The Pursuit of Happiness

The bewildered crowd wandered a street lined with abandoned shops and burned out cars. Their rapturous cheer had wilted by degrees into dead silence. All shouting had ceased; no one was fighting anymore; not a single firebomb lit the night. The wail of police sirens had long vanished.

Two men sat on the kerb. The older stared at the ground, while the younger looked around. A picket sign, vulgar and nonsensical, rested on his shoulder. He pulled down his bandana mask, and smiled, only because he thought he ought to.

“That’s it then—we did it.”

The old man sighed and raised his eyebrows in agreement.

“We won,” continued the young man. “We beat them. The people we wanted in power are in, and the people we wanted out are gone. Everyone we wanted dead is dead. Finally it’s equality for all—things can be the way they should. No more anger. It’s over.”

“It’s over,” muttered the old man.

The young man examined the crowd. “It’s so quiet,” he said. It didn’t look the way he had imagined it. He lifted the sign from his shoulder and read its slogan. After a moment he abruptly cast it onto the road. “I feel something,” he said. He rubbed his chest. “I don’t like it. It feels like… like—”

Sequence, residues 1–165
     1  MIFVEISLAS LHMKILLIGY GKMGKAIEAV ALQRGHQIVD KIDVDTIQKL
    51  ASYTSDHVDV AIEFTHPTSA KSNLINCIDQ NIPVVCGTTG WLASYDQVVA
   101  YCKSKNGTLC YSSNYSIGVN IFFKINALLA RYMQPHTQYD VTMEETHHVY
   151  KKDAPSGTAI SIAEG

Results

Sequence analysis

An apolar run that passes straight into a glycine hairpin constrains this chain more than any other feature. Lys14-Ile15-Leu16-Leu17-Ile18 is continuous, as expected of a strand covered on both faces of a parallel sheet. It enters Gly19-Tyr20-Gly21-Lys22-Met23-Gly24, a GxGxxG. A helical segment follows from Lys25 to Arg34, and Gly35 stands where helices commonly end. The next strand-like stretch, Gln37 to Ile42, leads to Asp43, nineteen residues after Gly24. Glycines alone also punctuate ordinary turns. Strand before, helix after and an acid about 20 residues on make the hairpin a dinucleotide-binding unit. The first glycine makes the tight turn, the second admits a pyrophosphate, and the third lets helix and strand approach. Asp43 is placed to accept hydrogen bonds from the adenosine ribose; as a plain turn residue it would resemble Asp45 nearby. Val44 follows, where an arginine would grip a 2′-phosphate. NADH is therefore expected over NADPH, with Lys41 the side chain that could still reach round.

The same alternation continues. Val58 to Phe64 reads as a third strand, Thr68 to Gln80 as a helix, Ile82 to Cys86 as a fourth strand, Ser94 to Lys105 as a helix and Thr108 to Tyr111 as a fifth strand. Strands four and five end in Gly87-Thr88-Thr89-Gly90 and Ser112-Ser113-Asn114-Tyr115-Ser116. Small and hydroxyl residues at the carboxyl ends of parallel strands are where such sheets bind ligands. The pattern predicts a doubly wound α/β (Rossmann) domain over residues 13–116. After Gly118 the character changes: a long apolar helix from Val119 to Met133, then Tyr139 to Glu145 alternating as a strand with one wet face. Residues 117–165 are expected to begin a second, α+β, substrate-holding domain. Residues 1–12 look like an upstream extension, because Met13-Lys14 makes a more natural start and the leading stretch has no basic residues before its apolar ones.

Screaming echoed through the street. It approached in the form of a shirtless man running through the crowd with a baseball bat and a megaphone; he appeared on the verge of madness. As he passed, the two men saw his eyes were filled with rage. He shouted something to them and kept running.

“Thank God,” said the old man as he stood up.

“What is it? What did he say?”

“Damned if I know.”

A smile returned to the old man’s face. He too began yelling, and followed the screaming, shirtless man. Soon the whole crowd ran behind him, raising their voices again in outrage. The young man watched as the mob disappeared around the corner at the end of the street. It was quiet again. An uneasy feeling welled up in him. Before it could manifest any further he picked up his sign from the ground and chased the noise of the angry crowd.

 

© 2018 MILES VENISON ALL RIGHTS RESERVED

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